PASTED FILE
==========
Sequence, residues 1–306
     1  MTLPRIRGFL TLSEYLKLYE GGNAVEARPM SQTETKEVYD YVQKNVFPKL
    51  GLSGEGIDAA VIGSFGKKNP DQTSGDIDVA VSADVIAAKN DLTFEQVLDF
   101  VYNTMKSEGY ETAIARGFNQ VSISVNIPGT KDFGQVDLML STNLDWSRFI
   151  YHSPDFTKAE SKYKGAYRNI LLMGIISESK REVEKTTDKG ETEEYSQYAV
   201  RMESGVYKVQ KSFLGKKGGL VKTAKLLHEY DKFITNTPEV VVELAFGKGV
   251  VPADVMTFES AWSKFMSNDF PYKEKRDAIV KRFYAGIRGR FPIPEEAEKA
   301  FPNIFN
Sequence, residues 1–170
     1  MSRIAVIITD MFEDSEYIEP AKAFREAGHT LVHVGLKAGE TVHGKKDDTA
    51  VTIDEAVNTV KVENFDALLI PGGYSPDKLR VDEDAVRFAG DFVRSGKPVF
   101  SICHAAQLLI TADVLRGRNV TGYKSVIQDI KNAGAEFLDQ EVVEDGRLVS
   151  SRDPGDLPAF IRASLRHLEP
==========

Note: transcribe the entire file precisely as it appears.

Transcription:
Sequence, residues 1–306
     1  MTLPRIRGFL TLSEYLKLYE GGNAVEARPM SQTETKEVYD YVQKNVFPKL
    51  GLSGEGIDAA VIGSFGKKNP DQTSGDIDVA VSADVIAAKN DLTFEQVLDF
   101  VYNTMKSEGY ETAIARGFNQ VSISVNIPGT KDFGQVDLML STNLDWSRFI
   151  YHSPDFTKAE SKYKGAYRNI LLMGIISESK REVEKTTDKG ETEEYSQYAV
   201  RMESGVYKVQ KSFLGKKGGL VKTAKLLHEY DKFITNTPEV VVELAFGKGV
   251  VPADVMTFES AWSKFMSNDF PYKEKRDAIV KRFYAGIRGR FPIPEEAEKA
   301  FPNIFN
Sequence, residues 1–170
     1  MSRIAVIITD MFEDSEYIEP AKAFREAGHT LVHVGLKAGE TVHGKKDDTA
    51  VTIDEAVNTV KVENFDALLI PGGYSPDKLR VDEDAVRFAG DFVRSGKPVF
   101  SICHAAQLLI TADVLRGRNV TGYKSVIQDI KNAGAEFLDQ EVVEDGRLVS
   151  SRDPGDLPAF IRASLRHLEP